The Civil Guard, through the investigation team of the Alicante Nature Protection Service, has seized four legged african elephant that were being marketed fraudulently through the internet, whose sale amounted to 600 euros.
As detailed by the Armed Institute in a statement, the four elephant legs (Familia Elephantidae) are deposited in a precautionary manner in official dependencies at the disposal of the competent judicial authority.
The investigations, framed within the “Plan for Prevention and action against illegal trade in protected species” of the Ministry of Ecological Transition, began in November 2021. Two months later, it has been verified how the legs of this animal were being marketed, each converted into small stools.
The elephant is a highly protected species which is included in Appendix I of the Convention on International Trade in Endangered Species of Wild Fauna and Flora (CITES) and in Annex A of Regulation (ce) No. 338/1997. For this reason, the possession and sale of species protected by international law require documentation proving their legality.
For all these reasons, two men of Spanish nationality, aged 39 and 67, respectively, are being investigated for a crime against flora and fauna, being able to incur in a crime typified in the Penal Code punished with prison sentences of six months to two years or a fine of eight to twenty-four months. Said penalty could be imposed in its upper half if it is a question of species or subspecies cataloged in danger of extinction.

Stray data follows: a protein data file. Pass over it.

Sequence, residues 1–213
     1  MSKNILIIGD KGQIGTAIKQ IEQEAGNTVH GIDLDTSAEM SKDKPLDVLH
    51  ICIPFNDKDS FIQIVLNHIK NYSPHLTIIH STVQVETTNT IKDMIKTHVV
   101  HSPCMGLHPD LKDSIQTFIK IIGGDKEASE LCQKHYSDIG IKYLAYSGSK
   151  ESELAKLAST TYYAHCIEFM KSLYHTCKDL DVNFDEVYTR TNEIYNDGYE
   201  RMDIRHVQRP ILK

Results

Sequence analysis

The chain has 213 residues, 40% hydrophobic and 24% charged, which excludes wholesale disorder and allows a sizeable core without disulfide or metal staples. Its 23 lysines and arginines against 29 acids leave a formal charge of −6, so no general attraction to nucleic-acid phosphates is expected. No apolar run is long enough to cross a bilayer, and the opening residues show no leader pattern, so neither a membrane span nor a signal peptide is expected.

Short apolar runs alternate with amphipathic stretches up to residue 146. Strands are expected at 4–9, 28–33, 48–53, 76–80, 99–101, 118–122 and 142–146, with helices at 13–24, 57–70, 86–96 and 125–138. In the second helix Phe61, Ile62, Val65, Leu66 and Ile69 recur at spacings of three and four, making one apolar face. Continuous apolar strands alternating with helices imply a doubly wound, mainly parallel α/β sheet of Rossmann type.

The Convention on International Trade in Endangered Species of Wild Fauna and Flora (CITES) includes the African elephant as a species that has the highest degree of protection of protected species in order to improve its conservation and ensure the survival in the long term of both this species and others considered endangered species.
The illegal trade in parts of the African elephant, be it ivory or, in this case, its legs, has a serious impact on this species and therefore the legislation that governs the market of species included in the Appendices of the Convention on International Trade in Endangered Species of Wild Fauna and Flora (CITES) is intended to authorize its trade only in exceptional circumstances in order to favor its conservation.
The sale of endangered animals It is a trade that is on the rise and for this reason the members of the Nature Protection Service (seprona) of the Civil Guard have the mission of ensuring the survival of the species, trying to prevent the international trade of specimens from constituting a threat.